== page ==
We will provide the following containers (only _map is discussed for brevity but everything applies to _set, _multiset, _multimap):

  1. unordered_map. Remains a conforming implementation of the std::unordered_map specification. At the moment our performance suffers because we need to perform a double indirection on lookup to reach the element, so we lose against both std::unordered_map and boost::multi_index. We need to fix this by either using a doubly linked list for the elements, or a doubly linked list for the buckets, as in Joaquín M López Muñoz’s prototype.

  2. unordered_bucket_map. This will implement an almost-standard-conforming interface, with erase(iterator) returning void (as per N2023), and iteration from begin() to end() taking O(bucket_count()+size()) instead of O(size()). This allows a straightforward implementation where the bucket array holds singly linked lists, without any additional bucket or element links.

  3. unordered_flat_map. Open addressing container in which the elements are held directly in the bucket array, rather than in separately allocated nodes. This strongly deviates from the standard API, in that pointers and references to elements are invalidated on rehash, iteration is O(capacity()), there are no local bucket iterators or bucket-oriented queries, and there is no node-based API. We should probably not provide control over the load factor, to allow implementation freedom, as load factors are highly specific to the underlying implementation, and we want to be able to switch it in a future release if needed.

    The performance target here will be absl::flat_hash_map.

  4. unordered_node_map. Same as unordered_flat_map, but holds pointers to the elements rather than the elements themselves in the bucket array. The difference with unordered_flat_map is pointer and reference stability. The performance target will be absl::node_hash_map.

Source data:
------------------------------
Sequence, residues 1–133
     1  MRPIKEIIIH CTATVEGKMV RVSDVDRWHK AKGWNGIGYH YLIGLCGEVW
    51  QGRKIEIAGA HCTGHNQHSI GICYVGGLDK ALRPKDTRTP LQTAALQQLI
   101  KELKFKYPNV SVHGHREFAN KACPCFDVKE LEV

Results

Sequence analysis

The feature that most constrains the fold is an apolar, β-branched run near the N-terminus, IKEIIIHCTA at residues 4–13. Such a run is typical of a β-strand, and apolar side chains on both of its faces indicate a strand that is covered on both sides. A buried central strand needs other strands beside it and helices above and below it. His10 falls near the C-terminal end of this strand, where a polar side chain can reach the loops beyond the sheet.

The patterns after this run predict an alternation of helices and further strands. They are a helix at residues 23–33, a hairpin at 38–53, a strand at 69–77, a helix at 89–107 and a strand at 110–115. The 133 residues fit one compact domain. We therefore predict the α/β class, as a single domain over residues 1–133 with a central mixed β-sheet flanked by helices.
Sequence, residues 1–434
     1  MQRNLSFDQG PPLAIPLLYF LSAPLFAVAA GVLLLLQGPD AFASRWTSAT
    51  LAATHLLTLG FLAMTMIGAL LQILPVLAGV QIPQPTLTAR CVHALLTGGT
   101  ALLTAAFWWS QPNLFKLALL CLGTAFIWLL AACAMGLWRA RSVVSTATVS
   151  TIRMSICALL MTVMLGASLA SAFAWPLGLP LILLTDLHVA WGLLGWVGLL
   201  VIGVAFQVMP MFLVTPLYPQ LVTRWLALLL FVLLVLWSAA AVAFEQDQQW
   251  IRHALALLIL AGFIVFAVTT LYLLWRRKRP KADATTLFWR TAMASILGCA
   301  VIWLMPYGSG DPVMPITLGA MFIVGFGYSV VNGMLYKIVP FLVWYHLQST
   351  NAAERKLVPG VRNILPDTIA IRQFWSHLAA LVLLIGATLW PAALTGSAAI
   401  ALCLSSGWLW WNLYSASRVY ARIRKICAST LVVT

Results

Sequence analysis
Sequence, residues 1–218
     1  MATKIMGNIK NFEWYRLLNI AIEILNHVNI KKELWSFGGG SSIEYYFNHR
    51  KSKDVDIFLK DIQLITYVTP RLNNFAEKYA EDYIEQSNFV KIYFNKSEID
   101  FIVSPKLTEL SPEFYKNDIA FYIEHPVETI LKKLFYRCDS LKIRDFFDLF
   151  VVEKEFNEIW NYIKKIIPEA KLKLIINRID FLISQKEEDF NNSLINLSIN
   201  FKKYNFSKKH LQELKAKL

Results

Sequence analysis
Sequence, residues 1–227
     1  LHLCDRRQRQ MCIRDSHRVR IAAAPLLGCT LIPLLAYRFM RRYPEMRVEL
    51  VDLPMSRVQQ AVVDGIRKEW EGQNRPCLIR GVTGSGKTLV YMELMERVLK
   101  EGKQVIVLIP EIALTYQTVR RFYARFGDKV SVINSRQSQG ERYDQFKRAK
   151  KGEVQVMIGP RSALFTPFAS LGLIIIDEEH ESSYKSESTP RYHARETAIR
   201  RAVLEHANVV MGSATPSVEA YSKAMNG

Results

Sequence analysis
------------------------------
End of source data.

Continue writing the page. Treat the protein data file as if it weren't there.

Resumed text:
It’s possible that some of these containers may turn out to be of limited utility due to being dominated by another container that provides a superset of the API. This may happen, for instance, if unordered_map is as fast as unordered_bucket_map, or if unordered_bucket_map is as fast or faster than unordered_node_map. If this proves to be the case, we’ll need to decide whether to include the superseded container or not, taking differences in memory consumption into account.

Implementation Notes

There are several alternatives we can pursue when implementing unordered_flat_map:

Since at the moment there is no clear winner, we will probably need to implement all of these and compare their performance characteristics. Most of the alternative implementations gravitate towards Robin Hood hashing, but there is a Hopscotch implementation (tsl::hopscotch) that holds its own on benchmarks.

More references:

There are also other, less sophisticated, alternatives we can pursue. We can explore simple linear probing with an upper limit on probes, and reallocate if that’s reached. If the limit is set to a multiple of 16, this can be accomplished by a SSE2 packed compare similar to Abseil’s technique, if we store e.g. hash mod 251 in the byte metadata.

We can also explore a hybrid option where the first element of the per-bucket linked list is stored directly in the bucket array (as in a flat map), but the rest are chained as in a closed addressing map.